Medicare has a schedule of fees that it ascribes to every appointment, procedure, operation, test etc that you can think of and will pay whatever that fee is to the doctor providing the service. The doctor may or may not charge higher fees so you can end up paying something to the doctor too (gap payments) There are also gap payments to be paid to some specialists to whom Medicare will only pay 85% of the schedule fee. My gp charges $50 for an appt, I get $38 back from Medicare. Some gps "bulk-bill" and claim the fee straight from Medicare on the understanding that the patient won't be charged anything, this is entirely up to the individual dr. Less and less drs do this these days.

Medicare also covers eye tests, again some opticians will bulk-bill, some won't.

There is a public dentist service but I don't know much about that other than it's very difficult to get in and I don't know how it's funded. I don't know anyone that uses it.

Children up to the age of 18 get free basic dental care and free doctors appts.

Some medications are government subsidised though I don't know how that's managed (Pharmaceutical Benefit Scheme).

There's a "safety net" for people (or families) who, over the course of a year, have a lot of medical bills - once they reach a certain limit they become entitled to free care for the rest of the year.

We also have private health care schemes which are probably pretty much like anywhere else in the world, I think about 40% of the population has some sort of cover. The government would like it to be more to take the strain off Medicare but it's very expensive (well, I think it is!).

I'm not sure if that makes sense but I hope you get the gist of it!

MrsPoppers - My parents are in the UK and a few years ago my dad had a back problem which was really debilitating. When they finally found out what it was he was told he could have surgery, the wait for the NHS was (I think) between 12 and 18 months. He asked how long he'd have to wait if he went private and was told they could do it the following week - same surgeon, same hospital. He raided his savings and did it. The exact same thing happened to my friends mum, so no exaggerations!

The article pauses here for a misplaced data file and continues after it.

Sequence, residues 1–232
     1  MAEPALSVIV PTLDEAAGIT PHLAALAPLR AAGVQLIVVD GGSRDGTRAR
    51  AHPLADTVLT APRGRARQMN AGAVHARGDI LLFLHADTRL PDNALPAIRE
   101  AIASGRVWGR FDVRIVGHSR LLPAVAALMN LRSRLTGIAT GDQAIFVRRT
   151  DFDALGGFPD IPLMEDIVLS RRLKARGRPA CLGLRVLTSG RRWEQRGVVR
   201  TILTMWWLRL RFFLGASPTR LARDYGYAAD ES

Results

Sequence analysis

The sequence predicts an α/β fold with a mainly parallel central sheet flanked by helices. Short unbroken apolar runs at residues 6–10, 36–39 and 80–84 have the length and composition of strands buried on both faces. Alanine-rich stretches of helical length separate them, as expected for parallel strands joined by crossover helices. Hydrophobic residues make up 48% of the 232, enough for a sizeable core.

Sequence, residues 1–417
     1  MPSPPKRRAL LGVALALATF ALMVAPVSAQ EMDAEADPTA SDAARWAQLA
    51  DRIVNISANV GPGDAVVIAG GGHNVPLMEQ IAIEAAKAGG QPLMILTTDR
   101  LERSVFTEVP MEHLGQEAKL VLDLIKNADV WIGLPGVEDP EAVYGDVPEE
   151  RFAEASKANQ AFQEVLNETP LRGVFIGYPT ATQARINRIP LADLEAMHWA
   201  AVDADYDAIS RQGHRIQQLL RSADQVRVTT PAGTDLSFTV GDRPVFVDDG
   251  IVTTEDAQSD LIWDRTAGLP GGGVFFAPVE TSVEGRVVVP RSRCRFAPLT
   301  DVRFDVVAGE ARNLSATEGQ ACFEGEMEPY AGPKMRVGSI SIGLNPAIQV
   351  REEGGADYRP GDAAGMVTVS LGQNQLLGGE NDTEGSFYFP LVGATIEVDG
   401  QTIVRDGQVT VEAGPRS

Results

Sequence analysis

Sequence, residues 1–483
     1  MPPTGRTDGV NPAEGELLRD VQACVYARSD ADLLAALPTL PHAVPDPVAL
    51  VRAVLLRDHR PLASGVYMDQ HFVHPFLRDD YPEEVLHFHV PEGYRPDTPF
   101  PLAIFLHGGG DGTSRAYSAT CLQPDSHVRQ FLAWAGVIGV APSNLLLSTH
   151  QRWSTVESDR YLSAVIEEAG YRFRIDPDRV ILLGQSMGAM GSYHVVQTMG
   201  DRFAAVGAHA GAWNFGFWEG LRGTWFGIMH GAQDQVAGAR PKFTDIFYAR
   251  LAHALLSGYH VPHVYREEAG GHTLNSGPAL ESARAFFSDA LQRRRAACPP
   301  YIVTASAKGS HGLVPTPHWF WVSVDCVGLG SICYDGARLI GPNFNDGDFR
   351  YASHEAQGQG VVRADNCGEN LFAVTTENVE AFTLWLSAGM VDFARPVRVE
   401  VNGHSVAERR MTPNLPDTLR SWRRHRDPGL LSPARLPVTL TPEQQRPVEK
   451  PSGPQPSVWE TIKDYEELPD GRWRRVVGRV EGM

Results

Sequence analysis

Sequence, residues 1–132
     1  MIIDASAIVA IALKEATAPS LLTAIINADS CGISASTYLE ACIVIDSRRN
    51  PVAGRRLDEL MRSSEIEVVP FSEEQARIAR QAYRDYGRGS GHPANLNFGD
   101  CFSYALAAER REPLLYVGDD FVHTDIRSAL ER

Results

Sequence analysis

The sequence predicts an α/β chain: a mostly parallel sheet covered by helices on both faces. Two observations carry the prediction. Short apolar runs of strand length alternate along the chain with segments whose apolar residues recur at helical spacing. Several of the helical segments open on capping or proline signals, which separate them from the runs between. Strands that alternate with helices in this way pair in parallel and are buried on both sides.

3b in South Australia.

MrsPoppers - My parents are in the UK and a few years ago my dad had a back problem which was really debilitating. When they finally found out what it was he was told he could have surgery, the wait for the NHS was (I think) between 12 and 18 months. He asked how long he'd have to wait if he went private and was told they could do it the following week - same surgeon, same hospital. He raided his savings and did it. The exact same thing happened to my friends mum, so no exaggerations!
Originally Posted by Starmie

I did the same thing for my first back surgery
Fat does not make you fat. It's actually pretty important.
an article about the British NHS:

Not Safe For Work Corporation
Starmie likes this.
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http://labellatestarossa.blogspot.ca/

Little Mother of all the Roaches, President-for-Life of the MAC Harlots!
How much do you pay in taxes in your respective countries as compared to US? I think our tax base is a lot lower than yours. What a lot of people don't take into consideration is you either pay for it up front (in higher taxes) or at the back (in higher premiums). It's not free/cheap either way.
3b/c